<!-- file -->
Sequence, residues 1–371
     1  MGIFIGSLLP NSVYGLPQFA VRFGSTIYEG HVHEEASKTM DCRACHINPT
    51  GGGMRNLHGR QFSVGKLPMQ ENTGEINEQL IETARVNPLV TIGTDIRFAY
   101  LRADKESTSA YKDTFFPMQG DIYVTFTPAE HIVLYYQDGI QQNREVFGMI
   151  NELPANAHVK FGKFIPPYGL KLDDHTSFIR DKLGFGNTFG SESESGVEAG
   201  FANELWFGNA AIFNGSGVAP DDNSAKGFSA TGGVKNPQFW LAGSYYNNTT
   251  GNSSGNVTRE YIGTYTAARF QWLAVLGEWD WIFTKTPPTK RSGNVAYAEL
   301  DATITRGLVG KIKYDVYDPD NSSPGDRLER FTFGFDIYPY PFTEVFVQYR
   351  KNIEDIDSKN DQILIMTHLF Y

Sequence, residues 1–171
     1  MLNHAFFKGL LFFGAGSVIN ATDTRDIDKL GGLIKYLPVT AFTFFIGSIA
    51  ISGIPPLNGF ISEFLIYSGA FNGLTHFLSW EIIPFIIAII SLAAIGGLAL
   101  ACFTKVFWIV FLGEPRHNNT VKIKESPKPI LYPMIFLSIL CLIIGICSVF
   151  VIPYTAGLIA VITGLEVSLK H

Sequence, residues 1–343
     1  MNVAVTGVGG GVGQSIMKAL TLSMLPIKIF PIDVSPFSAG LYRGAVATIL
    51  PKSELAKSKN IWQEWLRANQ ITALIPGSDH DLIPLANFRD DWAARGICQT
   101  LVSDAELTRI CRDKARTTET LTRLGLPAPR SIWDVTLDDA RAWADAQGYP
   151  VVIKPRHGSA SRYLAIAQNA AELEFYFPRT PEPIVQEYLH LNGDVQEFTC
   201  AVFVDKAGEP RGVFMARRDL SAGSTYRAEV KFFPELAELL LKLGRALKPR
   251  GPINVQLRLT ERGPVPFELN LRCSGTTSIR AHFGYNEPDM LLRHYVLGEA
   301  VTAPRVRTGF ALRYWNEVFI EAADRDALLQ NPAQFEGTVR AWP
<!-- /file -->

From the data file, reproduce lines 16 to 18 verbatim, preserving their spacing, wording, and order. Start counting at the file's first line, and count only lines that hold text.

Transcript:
     1  MNVAVTGVGG GVGQSIMKAL TLSMLPIKIF PIDVSPFSAG LYRGAVATIL
    51  PKSELAKSKN IWQEWLRANQ ITALIPGSDH DLIPLANFRD DWAARGICQT
   101  LVSDAELTRI CRDKARTTET LTRLGLPAPR SIWDVTLDDA RAWADAQGYP